How Is Projection A Stumbling Block to Clicking With People?

by Dr. Rick Kirschner on February 7, 2011

Have you ever heard someone describe another person as ‘judgmental’ or ‘negative’ or ‘selfish’ and thought, ‘Hey, if the shoe fits…’?  Then you’ve witnessed the phenomenon known as projection.  And that’s what today’s brief post is about.  Projection is one of the 9 stumbling blocks to clicking that I identify in my new Hyperion book, ‘How To Click With People: Building the Personal Side of Business (June 2011 release).

As a result of the coaching and counseling work I’ve been doing for the last 30 years, and the work I’ve been doing on myself during those same years, I’ve been fortunate to observe the pattern closely.  I’m of the opinion that if you work with enough people over a long enough period of time, you inevitably come to realize this humbling fact:  The traits and behaviors we dislike most in others tend to be traits and behaviors that we don’t like in ourselves.  Dislike pettiness?  Look inside.  Dislike undeserved criticism?  Chances are that you’re also too hard on yourself.  Dislike it when people don’t listen to you?  Maybe you don’t listen to you either.  And while we may not know that we have such traits, an outside observer could confirm it pretty easily.

You see this phenomenon wherever people live or work in close proximity.  It’s one of the great challenges in marriage, for example, because those disowned and disconnected parts of yourself are so danged obvious in the other person, yet hidden in your own blind spot.  And because you live with the person, you’re forced to see these unwanted aspects of yourself every single day!  Perhaps this is what is really meant by ‘familiarity breeds contempt.’   When such traits and behaviors are all too familiar, it’s human nature to disown our personal darkness by projecting it outward onto others. Yet dealing with our darkness outside ourselves is the most difficult, cumbersome and complicated way to go about it.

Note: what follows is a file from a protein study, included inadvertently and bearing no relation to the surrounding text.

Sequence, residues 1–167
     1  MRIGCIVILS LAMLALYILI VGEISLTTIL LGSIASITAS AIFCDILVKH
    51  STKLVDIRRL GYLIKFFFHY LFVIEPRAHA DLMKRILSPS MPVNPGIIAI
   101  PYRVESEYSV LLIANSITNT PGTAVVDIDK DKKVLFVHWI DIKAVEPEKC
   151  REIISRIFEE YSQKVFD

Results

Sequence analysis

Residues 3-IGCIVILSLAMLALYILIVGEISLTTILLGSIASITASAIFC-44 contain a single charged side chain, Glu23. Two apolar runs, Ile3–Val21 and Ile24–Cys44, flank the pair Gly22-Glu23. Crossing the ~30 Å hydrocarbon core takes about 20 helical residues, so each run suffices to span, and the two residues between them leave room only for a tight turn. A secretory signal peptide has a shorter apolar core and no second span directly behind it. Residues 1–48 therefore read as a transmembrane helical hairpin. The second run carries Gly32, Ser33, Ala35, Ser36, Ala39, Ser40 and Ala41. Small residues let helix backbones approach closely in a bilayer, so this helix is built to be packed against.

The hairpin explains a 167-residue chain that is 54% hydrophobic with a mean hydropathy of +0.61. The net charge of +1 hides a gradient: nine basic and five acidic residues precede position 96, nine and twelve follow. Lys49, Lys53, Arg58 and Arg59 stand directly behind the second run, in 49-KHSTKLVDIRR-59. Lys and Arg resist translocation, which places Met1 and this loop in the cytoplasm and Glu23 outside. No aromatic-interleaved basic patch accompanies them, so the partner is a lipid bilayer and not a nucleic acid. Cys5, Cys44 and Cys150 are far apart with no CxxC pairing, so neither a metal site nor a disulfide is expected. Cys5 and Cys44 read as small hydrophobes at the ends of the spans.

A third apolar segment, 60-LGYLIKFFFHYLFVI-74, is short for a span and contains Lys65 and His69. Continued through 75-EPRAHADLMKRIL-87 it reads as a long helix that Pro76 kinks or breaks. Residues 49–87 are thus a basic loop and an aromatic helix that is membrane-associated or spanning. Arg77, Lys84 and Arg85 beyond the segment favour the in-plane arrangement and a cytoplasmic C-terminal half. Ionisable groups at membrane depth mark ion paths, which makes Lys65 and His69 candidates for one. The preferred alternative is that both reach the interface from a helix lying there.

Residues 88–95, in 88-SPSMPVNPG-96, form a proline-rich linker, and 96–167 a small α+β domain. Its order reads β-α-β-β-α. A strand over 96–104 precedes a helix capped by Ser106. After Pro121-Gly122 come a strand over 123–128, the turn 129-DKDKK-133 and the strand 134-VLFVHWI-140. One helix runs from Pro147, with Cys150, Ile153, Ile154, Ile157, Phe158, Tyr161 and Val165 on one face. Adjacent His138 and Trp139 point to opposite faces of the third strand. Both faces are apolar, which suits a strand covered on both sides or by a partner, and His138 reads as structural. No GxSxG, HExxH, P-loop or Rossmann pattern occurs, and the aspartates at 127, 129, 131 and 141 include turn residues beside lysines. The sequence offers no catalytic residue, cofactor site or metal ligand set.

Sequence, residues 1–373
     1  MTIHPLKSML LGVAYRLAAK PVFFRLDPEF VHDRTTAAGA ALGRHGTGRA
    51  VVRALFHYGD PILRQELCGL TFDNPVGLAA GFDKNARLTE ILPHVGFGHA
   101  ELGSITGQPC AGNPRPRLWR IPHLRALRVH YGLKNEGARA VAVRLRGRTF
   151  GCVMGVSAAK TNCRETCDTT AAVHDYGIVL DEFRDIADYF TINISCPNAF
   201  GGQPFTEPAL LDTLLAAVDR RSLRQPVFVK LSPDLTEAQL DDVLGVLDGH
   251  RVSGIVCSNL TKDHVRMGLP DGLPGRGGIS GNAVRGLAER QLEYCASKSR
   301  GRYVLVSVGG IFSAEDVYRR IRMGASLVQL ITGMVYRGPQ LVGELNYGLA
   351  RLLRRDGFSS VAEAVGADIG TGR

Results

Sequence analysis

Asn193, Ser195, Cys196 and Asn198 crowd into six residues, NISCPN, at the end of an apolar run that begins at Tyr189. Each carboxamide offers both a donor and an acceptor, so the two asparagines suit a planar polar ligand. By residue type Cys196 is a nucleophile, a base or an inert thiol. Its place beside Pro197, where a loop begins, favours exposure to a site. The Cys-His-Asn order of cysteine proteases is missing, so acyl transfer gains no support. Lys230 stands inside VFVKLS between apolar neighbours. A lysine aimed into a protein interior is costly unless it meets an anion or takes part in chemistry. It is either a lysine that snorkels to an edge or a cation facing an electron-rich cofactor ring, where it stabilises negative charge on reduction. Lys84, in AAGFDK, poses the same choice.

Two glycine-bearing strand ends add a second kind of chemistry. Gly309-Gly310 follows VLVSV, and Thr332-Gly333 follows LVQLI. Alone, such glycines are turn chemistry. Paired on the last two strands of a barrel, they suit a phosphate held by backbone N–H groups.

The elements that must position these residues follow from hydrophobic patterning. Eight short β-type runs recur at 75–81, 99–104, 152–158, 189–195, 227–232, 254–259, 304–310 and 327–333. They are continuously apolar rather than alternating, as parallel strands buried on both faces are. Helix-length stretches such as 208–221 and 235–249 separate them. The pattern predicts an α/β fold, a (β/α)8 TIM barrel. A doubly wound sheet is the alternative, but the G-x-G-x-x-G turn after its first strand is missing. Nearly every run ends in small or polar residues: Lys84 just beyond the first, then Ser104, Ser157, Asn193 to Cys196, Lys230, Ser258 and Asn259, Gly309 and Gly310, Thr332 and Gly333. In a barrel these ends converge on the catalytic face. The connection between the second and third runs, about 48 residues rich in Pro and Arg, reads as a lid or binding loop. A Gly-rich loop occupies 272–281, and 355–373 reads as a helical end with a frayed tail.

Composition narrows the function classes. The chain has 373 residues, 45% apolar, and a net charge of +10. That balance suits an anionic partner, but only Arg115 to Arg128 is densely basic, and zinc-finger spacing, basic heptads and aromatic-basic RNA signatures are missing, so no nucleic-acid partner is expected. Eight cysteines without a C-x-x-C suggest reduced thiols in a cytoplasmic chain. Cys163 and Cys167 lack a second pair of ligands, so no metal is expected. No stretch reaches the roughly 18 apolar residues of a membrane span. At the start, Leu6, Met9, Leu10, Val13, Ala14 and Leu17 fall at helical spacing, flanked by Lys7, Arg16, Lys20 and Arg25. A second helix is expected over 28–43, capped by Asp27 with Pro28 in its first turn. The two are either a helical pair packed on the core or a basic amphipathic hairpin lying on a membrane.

Indeed, if someone engages in a behavior you don’t like in yourself, even if you’re oblivious to it in yourself, you’ll be as hard on them as you would be on yourself if only you could observe yourself objectively.   Famed psychologist Carl Jung,  in his work on the ‘shadow’ side of ourselves, told us that all perception is projection.  And while that generalization may not be exactly true, it’s a good approximation to take into account when you’re having problems with other people.  Jung believed that this shadow part of ourselves is the result of identifying with our social mask (the way we want people to perceive us) at the expense of those parts of ourselves that we either fail to notice (because they don’t fit the social narrative we work so hard to get others to accept) or that we try to ignore (because they disturb our sense of identity so deeply).

Jung wasn’t alone in this.  Long before him, Greek philosophers like Epicurus held that you can’t really click with people until you’ve seen past your projections of them to discover who they really are.  Epicurus, by the way, is one of my favorite Greek philosophers, as he was so long ago able to see and understand much of what has now become our shared understanding of life and the world.  Read more about him here.  (

Don’t like that trait?  Figure out the trait you’d prefer, and begin developing it.  In this way, you can let people be themselves, instead of needing them to become a verson of you that you do not know and have not yet become.  Because if people are not really our projections, then finding this fact of the matter should be of more value than projecting and confirming the biases you have hidden that you carry against yourself.

Got feedback for me?  I promise not to say ‘You’re projecting.’   Just use the comment form below.

Be well,


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